Because a U.S. employee’s tax home was in the United States rather than a foreign country, he could not exclude his overseas earnings from income. Daly v. Comm’r, T.C. Memo. 2013-147 (6/6/13).
James and Candace Daly were married and lived in Utah. James was a U.S. citizen and worked full time for a communications company. In 2007 and 2008, James’s employer contracted with the U.S. Department of Defense, and James’s work for his employer involved the government contract. During the two years in issue, James was assigned to work in Afghanistan and Iraq. When he worked overseas, James was unable to choose the location or duration of his assignments. While in Afghanistan and Iraq, James was provided with a government authorization to travel and lived and worked on U.S. military air bases. He was not allowed to leave either of the military bases on which he lived and worked or have his family live with him during the duration of the assignments. His wages were deposited electronically into his bank account, and he had access to the funds while he was in Afghanistan and Iraq. Fatca Law Singapore
During the years in issue, James also worked in Utah and was required to travel to California, Nevada, and Germany. James and Candace timely filed their federal income tax return for 2007 and excluded $24,888 in wages that James was paid by his employer. The couple attached Form 2555-EZ, Foreign Earned Income Exclusion, to their tax return and listed Utah as their tax home on the form. James also attached a letter requesting a waiver of the foreign earned income exclusion 330-day physical presence requirement and an exclusion of his wages for the 106 days he was deployed to a combat zone. James and Candace timely filed their federal income tax return for 2008 and excluded $22,259 in wages that James was paid by his employer. The couple attached Form 2555-EZ to their tax return and listed Utah as their tax home on the form. James also attached a letter requesting a waiver of the foreign earned income exclusion 330-day physical presence requirement and an exclusion of his wages for the 93 days he was deployed to a combat zone. The IRS disallowed the foreign earned income tax exclusions that James and Candace claimed for the years in issue.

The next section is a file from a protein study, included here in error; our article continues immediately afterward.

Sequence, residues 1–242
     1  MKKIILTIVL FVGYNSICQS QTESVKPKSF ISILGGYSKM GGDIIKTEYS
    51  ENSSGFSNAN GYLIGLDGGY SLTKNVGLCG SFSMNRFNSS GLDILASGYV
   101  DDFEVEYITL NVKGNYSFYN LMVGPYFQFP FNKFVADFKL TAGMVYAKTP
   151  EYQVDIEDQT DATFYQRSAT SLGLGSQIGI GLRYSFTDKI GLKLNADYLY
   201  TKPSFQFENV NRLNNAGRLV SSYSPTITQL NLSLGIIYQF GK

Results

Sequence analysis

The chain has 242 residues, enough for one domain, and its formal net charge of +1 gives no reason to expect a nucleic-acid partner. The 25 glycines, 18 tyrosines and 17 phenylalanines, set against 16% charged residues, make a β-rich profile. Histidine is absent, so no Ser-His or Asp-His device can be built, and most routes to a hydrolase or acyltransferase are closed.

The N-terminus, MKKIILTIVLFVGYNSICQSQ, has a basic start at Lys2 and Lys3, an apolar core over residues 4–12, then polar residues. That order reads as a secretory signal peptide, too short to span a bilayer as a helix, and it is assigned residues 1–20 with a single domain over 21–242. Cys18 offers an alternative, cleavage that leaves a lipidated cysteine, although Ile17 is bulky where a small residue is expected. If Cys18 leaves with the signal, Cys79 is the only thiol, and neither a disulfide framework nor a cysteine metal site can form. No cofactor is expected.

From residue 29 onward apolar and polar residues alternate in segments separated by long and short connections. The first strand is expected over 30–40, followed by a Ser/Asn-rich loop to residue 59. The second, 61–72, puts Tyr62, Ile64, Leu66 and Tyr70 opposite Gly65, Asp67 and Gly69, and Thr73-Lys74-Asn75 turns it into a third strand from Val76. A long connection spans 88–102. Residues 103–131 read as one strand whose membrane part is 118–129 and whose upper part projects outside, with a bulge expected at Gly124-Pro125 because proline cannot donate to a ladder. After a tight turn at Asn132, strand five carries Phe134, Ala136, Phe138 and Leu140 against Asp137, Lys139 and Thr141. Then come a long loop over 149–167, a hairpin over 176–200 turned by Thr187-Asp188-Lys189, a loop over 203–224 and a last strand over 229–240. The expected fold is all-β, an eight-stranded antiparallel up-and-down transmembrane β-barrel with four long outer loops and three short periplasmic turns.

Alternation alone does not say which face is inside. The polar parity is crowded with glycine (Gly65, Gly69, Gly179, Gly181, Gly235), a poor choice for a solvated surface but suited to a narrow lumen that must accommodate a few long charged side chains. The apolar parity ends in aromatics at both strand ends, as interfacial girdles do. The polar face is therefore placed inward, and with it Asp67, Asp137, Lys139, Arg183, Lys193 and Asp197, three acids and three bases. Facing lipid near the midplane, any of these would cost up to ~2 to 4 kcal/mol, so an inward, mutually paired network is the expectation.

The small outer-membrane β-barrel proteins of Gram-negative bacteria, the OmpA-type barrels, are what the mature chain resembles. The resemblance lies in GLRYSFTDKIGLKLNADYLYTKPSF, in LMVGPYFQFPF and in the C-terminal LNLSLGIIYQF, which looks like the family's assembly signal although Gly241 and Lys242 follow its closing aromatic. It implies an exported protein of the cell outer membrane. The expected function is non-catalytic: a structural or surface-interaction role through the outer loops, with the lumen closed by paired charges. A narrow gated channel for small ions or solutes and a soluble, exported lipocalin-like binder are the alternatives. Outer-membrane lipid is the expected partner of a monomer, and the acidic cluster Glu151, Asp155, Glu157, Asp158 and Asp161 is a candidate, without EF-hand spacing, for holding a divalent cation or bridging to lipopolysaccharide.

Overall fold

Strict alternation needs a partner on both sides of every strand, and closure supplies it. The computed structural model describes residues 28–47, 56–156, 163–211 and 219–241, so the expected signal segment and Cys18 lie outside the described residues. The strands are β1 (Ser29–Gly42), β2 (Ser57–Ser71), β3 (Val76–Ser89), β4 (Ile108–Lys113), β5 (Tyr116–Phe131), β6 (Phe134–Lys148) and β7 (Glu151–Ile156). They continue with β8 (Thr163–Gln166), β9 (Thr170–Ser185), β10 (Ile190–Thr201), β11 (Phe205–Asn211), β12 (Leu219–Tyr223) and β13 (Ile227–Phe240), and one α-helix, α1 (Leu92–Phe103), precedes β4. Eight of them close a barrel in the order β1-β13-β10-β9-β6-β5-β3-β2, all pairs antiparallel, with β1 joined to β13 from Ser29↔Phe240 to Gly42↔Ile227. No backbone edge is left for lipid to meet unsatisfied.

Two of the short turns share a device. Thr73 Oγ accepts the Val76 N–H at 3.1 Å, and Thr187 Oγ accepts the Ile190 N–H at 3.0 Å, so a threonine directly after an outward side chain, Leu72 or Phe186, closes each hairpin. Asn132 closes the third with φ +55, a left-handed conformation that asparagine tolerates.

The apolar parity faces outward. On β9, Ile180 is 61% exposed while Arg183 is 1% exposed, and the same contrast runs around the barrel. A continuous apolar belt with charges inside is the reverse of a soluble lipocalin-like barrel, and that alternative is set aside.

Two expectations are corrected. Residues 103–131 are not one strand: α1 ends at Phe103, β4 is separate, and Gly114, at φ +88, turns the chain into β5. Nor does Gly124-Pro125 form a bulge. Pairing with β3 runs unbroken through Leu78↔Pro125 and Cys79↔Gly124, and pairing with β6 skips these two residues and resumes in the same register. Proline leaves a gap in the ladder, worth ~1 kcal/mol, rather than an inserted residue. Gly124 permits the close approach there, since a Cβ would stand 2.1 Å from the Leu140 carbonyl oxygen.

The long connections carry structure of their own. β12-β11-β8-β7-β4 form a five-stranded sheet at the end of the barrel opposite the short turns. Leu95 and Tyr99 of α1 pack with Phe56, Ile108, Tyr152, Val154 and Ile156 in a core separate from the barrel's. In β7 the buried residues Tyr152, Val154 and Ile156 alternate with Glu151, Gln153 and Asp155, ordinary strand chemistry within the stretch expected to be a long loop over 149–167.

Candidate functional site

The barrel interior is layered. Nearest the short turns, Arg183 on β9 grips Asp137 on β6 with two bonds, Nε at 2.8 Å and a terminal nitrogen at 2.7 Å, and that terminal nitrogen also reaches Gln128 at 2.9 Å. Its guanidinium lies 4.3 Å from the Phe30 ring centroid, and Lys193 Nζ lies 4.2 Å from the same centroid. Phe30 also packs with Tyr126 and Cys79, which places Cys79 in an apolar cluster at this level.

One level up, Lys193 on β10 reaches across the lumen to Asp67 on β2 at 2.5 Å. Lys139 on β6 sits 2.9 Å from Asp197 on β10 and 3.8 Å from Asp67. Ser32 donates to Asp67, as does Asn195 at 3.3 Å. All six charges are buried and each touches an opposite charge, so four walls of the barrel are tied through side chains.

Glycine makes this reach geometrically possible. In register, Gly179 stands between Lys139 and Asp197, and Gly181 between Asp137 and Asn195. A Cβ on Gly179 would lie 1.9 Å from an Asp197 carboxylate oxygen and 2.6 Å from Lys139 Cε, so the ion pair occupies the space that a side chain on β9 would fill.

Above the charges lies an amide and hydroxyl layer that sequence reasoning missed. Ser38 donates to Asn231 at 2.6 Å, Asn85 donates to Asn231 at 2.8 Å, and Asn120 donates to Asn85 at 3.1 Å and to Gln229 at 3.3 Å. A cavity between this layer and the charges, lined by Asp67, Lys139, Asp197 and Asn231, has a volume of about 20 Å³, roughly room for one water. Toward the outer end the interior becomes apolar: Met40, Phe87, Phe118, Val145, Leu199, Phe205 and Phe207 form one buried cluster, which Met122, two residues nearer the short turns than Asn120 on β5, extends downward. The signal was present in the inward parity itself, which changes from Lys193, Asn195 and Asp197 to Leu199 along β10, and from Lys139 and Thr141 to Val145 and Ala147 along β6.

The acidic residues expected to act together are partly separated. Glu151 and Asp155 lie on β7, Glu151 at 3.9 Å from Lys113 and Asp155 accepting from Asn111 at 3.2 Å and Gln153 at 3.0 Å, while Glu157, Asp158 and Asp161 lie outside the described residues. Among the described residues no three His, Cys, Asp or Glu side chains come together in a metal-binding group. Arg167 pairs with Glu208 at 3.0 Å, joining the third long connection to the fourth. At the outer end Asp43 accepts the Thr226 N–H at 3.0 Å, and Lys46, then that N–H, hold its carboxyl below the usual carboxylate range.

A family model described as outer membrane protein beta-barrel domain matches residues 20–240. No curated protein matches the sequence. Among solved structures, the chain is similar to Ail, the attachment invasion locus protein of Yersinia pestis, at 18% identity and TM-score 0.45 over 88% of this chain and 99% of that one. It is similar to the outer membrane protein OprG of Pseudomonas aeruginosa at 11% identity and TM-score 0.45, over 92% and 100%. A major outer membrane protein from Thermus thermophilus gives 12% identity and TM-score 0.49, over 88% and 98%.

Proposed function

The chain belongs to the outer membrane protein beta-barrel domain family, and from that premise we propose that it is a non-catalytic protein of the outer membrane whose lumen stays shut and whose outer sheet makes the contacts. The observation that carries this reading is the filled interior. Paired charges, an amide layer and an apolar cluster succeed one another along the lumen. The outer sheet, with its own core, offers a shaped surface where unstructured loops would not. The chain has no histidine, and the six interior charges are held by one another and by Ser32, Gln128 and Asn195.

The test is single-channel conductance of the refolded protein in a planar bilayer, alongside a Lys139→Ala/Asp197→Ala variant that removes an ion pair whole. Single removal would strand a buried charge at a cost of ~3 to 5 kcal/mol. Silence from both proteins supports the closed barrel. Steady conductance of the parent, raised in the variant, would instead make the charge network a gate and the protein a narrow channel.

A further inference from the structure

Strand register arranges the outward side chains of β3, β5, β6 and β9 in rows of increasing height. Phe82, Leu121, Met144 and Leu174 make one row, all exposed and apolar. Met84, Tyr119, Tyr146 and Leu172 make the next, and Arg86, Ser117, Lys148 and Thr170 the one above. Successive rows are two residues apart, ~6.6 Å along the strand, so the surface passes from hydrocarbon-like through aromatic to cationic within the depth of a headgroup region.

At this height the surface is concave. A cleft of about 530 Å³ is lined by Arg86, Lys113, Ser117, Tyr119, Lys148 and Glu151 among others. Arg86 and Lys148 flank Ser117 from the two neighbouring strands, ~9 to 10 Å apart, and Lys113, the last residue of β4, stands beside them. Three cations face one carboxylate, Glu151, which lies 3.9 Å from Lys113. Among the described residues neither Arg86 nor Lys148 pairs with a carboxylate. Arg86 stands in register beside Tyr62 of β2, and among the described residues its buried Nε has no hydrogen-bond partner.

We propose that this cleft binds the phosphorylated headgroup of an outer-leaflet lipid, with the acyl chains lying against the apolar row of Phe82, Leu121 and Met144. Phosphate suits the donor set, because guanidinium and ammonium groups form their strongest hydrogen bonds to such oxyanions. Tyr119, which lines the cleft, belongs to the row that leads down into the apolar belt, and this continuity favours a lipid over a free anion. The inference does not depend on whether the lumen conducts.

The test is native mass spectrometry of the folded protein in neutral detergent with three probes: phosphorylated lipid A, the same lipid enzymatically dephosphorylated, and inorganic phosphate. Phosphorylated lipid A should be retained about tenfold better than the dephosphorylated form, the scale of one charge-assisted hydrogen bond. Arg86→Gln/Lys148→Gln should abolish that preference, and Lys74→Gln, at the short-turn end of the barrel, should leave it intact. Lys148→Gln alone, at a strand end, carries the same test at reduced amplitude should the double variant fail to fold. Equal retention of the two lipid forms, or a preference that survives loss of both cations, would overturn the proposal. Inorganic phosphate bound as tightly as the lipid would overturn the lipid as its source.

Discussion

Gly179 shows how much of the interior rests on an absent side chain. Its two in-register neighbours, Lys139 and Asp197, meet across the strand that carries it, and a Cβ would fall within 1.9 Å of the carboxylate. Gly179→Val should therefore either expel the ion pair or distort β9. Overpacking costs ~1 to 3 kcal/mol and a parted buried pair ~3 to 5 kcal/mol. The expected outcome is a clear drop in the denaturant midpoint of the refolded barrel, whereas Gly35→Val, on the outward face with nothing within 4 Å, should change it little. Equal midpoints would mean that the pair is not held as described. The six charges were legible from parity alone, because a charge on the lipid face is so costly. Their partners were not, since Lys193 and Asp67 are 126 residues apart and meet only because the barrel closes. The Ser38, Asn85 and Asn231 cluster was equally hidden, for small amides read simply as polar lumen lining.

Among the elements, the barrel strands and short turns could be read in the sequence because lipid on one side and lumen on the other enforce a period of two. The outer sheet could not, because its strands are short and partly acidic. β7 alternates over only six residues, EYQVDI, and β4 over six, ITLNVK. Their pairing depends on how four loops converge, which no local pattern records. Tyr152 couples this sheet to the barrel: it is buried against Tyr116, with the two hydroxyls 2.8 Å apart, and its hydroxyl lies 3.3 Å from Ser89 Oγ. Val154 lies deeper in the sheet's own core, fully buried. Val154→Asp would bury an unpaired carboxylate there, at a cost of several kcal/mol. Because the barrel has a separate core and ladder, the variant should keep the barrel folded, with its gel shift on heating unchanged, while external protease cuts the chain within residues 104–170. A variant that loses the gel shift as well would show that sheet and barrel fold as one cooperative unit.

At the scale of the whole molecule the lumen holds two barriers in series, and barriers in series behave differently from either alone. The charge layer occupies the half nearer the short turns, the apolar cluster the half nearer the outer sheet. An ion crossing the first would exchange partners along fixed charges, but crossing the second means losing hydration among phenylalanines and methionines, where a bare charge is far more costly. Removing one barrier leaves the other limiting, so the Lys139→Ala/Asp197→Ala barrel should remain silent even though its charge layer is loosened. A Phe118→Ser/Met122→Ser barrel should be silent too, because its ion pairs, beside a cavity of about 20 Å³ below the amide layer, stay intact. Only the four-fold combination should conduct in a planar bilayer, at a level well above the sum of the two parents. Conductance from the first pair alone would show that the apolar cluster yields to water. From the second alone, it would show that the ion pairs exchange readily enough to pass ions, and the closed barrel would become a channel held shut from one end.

OBSERVATION: The maximum amount eligible for the foreign earned income exclusion in 2007 was $85,700. For 2008, the foreign earned income exclusion amount was $87,600.
Code Sec. 61(a) provides that gross income means all income from whatever source derived. U.S. citizens are generally taxed on income earned outside the United States unless a specific exclusion applies. A qualified individual may elect to exclude his or her foreign earned income from gross income under Code Sec. 911(a). A qualified individual is defined as an individual whose tax home is in a foreign country and who is (1) a U.S. citizen and established that he or she has been a bona fide resident of a foreign country, or (2) a citizen or resident of the United States and who, during any 12-consecutive-moth period, is present in a foreign country during at least 330 full days in that period. If a taxpayer does not meet either of these tests, Code Sec. 911(b)(1)(A) provides that his or her income is not considered foreign earned income.